“While working in the Civil Rights Office at the U.S. Department of Agriculture, I witnessed first-hand the devastation of hard-working families that, at one point or another, were faced with extenuating circumstances that required a simple hand-up. When USDA wasn’t able to provide that, in some circumstances, it meant a loss of everything,” Stanger-McLaughlin wrote. “The authority to administer these programs without funding left many of these services useless until now.”

The new debt relief follows a previous $4 billion allocation under the American Rescue Plan Act to pay up to 120 percent of outstanding FSA direct loans for marginalized producers. After white farmer sued for reverse discrimination and the relief became mired in a court battle, lawmakers repealed the funding in the Inflation Reduction Act and replaced it with the new fund that targets distressed borrowers. 

While this wider scope of the latest debt relief program aims to sidestep the legal concerns that plagued the APRA allocation and has garnered praise from some Native-led organizations, others note that the broader scope — which doesn’t differentiate between “socially advantaged” and “socially disadvantaged” producers — and lower allocation means fewer marginalized farmers will receive aid. 

The Inflation Reduction Act also includes $2.2 billion for farmers who have suffered “discrimination” under the USDA’s lending programs. The agency has opened up public comment on how to implement the fund, the Federal Register entry for which can be found here

The agency seeks input specifically on how to identify eligible farmers, what documentation should be used to verify the discrimination against them, and what should be factored into eventual payouts. 

Vilsack said the discrimination relief broadened the USDA’s available tools for helping right the wrongs of past discriminatory behavior on the the agecy’s behalf and “supporting those who are willing to dedicate their lives to our nation’s food security and rural communities.”

“This is a continued step in the right direction,” Stanger-McLaughlin wrote in a statement.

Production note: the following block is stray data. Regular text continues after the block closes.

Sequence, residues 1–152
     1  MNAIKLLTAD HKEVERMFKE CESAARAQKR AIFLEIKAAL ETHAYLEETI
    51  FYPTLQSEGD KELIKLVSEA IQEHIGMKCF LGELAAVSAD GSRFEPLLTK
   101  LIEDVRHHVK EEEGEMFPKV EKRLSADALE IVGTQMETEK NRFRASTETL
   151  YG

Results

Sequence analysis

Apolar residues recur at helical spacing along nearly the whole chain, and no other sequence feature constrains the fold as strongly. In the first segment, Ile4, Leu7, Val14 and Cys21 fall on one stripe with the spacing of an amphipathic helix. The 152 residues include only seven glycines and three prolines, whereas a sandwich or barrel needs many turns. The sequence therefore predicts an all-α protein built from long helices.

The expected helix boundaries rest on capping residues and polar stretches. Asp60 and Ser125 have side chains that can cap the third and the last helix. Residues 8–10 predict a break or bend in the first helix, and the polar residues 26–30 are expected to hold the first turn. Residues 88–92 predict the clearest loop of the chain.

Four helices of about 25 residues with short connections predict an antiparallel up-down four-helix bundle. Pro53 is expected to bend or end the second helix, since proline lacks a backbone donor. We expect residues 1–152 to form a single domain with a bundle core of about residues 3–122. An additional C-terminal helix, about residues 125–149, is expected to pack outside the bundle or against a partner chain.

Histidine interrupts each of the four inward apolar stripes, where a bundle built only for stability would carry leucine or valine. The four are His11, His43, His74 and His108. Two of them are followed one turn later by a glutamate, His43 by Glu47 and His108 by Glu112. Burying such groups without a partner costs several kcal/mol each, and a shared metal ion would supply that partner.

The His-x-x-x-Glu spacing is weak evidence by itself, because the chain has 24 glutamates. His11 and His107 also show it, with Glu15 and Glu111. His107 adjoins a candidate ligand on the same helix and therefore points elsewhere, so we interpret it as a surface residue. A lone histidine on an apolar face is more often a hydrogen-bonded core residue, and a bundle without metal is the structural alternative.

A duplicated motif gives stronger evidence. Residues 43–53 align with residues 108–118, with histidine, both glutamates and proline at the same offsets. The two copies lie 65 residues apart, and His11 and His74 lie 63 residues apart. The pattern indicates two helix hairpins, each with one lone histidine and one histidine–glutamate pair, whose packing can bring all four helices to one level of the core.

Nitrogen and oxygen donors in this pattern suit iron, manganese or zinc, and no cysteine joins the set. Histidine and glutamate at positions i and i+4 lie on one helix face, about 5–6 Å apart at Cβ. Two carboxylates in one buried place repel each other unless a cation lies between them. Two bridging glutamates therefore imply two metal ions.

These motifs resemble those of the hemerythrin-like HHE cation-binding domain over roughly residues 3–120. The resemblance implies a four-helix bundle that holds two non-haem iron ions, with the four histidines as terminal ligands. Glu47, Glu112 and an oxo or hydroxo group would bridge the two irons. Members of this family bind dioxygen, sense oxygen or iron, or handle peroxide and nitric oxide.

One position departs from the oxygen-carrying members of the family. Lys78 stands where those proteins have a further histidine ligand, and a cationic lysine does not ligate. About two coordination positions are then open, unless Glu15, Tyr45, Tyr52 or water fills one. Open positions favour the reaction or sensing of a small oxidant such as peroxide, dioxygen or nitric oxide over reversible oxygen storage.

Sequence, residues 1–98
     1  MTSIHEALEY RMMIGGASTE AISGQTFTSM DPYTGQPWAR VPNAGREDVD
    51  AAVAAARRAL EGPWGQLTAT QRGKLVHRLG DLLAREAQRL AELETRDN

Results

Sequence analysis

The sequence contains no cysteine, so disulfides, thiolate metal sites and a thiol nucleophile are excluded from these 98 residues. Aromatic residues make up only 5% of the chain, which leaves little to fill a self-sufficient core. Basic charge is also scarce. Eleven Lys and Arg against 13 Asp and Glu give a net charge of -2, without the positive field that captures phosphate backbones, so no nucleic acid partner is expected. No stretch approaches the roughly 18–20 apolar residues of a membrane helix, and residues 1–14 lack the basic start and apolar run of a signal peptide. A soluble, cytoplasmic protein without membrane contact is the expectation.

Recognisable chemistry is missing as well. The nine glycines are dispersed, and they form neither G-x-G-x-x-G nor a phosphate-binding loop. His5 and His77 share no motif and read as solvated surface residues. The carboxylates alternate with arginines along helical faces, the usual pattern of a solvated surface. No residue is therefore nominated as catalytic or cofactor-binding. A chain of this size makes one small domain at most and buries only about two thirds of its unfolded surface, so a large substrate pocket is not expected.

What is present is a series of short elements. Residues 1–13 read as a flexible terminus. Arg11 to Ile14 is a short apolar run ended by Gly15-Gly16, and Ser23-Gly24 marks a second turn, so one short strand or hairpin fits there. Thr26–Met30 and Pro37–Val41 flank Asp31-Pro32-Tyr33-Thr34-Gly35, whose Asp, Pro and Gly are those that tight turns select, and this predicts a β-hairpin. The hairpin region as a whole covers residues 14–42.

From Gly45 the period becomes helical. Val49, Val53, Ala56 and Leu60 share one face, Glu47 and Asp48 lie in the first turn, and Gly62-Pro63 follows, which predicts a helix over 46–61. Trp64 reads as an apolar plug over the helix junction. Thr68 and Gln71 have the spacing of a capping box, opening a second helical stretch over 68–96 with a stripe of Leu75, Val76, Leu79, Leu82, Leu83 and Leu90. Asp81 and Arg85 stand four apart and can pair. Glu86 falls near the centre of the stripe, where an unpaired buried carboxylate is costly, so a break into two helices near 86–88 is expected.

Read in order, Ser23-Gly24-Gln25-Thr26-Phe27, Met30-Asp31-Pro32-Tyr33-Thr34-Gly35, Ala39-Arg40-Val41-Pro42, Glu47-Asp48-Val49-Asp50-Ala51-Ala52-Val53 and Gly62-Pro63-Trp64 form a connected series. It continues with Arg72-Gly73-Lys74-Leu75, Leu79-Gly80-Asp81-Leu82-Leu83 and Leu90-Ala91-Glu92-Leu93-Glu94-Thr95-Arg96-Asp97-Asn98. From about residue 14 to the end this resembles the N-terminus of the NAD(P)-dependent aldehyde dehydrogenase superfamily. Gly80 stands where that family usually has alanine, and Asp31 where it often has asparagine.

Some public comments submitted to the Federal Register contend that farmers already promised money under the ARPA provision should be first in line for funds under new discrimination fund. 

“I think that farmers, especially socially disadvantaged farmers who were promised 120% debt relief back in March of 2021, who counted on the signed agreement with USDA to provide debt relief and still have not received it, should be at the top of the list of farmers who have been discriminated against,”  wrote Cindy Polk from Lenapah, Okla. “I realize there were legal battles in court over the ARPA socially disadvantaged relief, but those farmers have been through economic, severe emotional and mental distress daily since the broken promise of USDA.”

The USDA will host three virtual listening sessions the discrimination relef in addition to its 30-day comment period. Information on those listening sessions can be found here

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About The Author
Chez Oxendine
Staff Writer
Chez Oxendine (Lumbee-Cheraw) is a staff writer for Tribal Business News focusing on Native entrepreneurship, small business development, and the gaming industry. Based in Tulsa, Okla., Oxendine was previously a contributing writer for Native News Online, and his journalism has been featured in the Fort Gibson Times, Muskogee Phoenix, Baconian Magazine, Source Magazine and Oklahoma Magazine, among others.